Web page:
Leaders » Spiritual & Religious Leaders » ROWAN DOUGLAS WILLIAMS
Rowan Douglas Williams is an Anglican Bishop and theologian. He was the 104th Archbishop of Canterbury and was previously Bishop of Monmouth and Archbishop of Wales. Rowan’s interest in and involvement with social issues is longstanding and became quite noticeable when he appointed a special commission to address the controversial issue of consecration of homosexual individuals that threatened to divide the Anglican Communion. The commission also investigated how he could more effectively implement his moral authority over the communion of churches. Rowan faced further controversy when he proposed the adoption of Shariah or Islamic laws by the English legal system, to promote unity. He reasoned that Muslims residing in England might be at ease, while pursuing financial or marital issues in a Shariah court than in a secular court. Rowan was a fellow of the British Academy and has published collections of many articles, sermons and poems which have reflected his thoughts on religion, spirituality and other issues.
After receiving his doctorate, he lectured at the College of the Resurrection in Mirfield, West Yorkshire, for two years. In 1977, he returned to his alma mater, Cambridge to teach theology at Westcott House, having been ordained deacon in Ely Cathedral. In the year 1978, he was made the priest there.
In 1980, he served as curate at St. George’s Chesterton. After three years, he was appointed as a lecturer in divinity in Cambridge University, and the following year he became dean and chaplain of Clare College. In 1986, he was appointed to the Lady Margaret professorship of divinity at Oxford University and Canon of Christ Church.
In 1989, he was awarded the degree of doctor of divinity and became a fellow of the British Academy the following year.
In 1991, he was elected as the bishop of Monmouth, a diocese on the Welsh borders, and was consecrated the following year. He served there as a bishop for seven consecutive years.
In 1999, he was elected as Archbishop of Wales, one of the 38 primates of the Anglican Communion, after the retirement of Archbishop Alwyn Rice Jones.
In 2002, he was announced as the 104th bishop of the See of Canterbury as the successor to George Carey. He was the first Welsh successor to St. Augustine of Canterbury and the first since the mid-thirteenth century to be appointed from outside the English Church. On 27 February, 2003, he was enthroned as the Archbishop of Canterbury.
In 2005, he was appointed as the first chancellor of Canterbury Christ Church University followed by his role as Visitor at King’s College, London, the University of Kent and Keble College, Oxford.
In 2006, he was awarded an honorary Doctorate in divinity by Cambridge University. In the following year, he received a joint doctorate of divinity degree by Trinity College and Wycliffe College associated with the University of Toronto.
In late 2012, he stepped down as the archbishop of Canterbury and continued his services as Master of Magdalene College, Cambridge.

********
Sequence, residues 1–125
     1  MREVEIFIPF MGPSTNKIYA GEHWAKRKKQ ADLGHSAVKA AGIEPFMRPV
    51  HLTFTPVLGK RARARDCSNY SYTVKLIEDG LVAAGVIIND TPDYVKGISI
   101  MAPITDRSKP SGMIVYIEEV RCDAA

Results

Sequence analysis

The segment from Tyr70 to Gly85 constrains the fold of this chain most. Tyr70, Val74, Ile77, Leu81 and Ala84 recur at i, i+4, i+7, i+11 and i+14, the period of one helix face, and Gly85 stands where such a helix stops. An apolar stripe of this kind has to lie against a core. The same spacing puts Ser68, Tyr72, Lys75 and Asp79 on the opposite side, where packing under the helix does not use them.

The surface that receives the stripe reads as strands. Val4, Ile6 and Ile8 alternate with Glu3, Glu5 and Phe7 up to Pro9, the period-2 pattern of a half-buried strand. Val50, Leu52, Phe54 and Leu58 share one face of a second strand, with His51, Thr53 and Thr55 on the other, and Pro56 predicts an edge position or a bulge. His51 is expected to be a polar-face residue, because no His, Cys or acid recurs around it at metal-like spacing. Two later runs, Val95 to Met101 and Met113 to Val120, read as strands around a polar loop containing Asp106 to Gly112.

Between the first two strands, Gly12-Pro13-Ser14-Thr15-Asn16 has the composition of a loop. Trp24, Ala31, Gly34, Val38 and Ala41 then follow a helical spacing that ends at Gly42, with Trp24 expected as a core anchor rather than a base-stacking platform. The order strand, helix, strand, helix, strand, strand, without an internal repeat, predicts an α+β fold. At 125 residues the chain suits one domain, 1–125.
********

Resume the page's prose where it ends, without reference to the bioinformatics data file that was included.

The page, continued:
He has written a number of important and influential books including, ‘The wound of knowledge’ (1979), ‘Resurrection: Interpreting the Easter gospel’ (1982), ‘Eucharistic sacrifice: The roots of a metaphor’ (1982), ‘Peacemaking theology’ (1984), ‘Teresa of Avila’ (1991), ‘Christ on trial’ (2000), ‘The poems of Rowan Williams’ (2002), ‘Anglican identities’ (2004), ‘Where God Happens: Discovering Christ in One Another’ (2007) etc.
In 1985, being a member of the left-wing Anglo-Catholic Jubilee group, he collaborated with father Kenneth Leech in several publications including the anthology of essays to commemorate the 150th anniversary of the Assize Sermon entitled ‘Essays: Catholic and Radical’ in 1983.
He was born to Aneurin Williams and Delphine nee Morris who were Presbyterians converted into Anglicans. At the age of 2, he contracted a rare form of meningitis which left him with a limp and permanent deafness in his left ear.
In 1953, his family moved to Cardiff and he began his formal education at Lamorna, a fee-paying primary school, before the family returned to Swansea in 1960 where he attended Dynevor Grammar School for eight years.
Later, he enrolled at University of Cambridge to study Theology at Christ’s College. Thereafter, he went to Wadham College, University of Oxford, where he received his doctorate of Philosophy in 1975.
In July, 1981, he married a writer and theologian Jane Williams with whom he has two children, a daughter named Rhiannon and a son named Pip. Following her husband’s retirement, she is entitled to the title of Lady Williams of Oystermouth.
In April, 2008, he was called for ‘urgent meditation’ over Zimbabwe’s election results.
In 2002, he gained the membership of Privy Council of the United Kingdom. In the following year, he gained the fellowship of Royal Society of Literature, a senior literary organization in Britain.
In 2004, he received the knight grand cross of the Royal Order of Francis I. In 2010, he became the founding member of Learned Society of Wales for his distinguished contribution of knowledge in his professional field.
In 2012, he received a Royal Victorian Chain, representing a personal token of high distinction and esteem from the Monarch. In the same year, he received one of the highest civilian awards of Pakistan, ‘Sitara-e-Pakistan’ for his public services to Pakistan.
In 2013, he received a life peerage as Baron Williams of Oystermouth in the city and county of Swansea.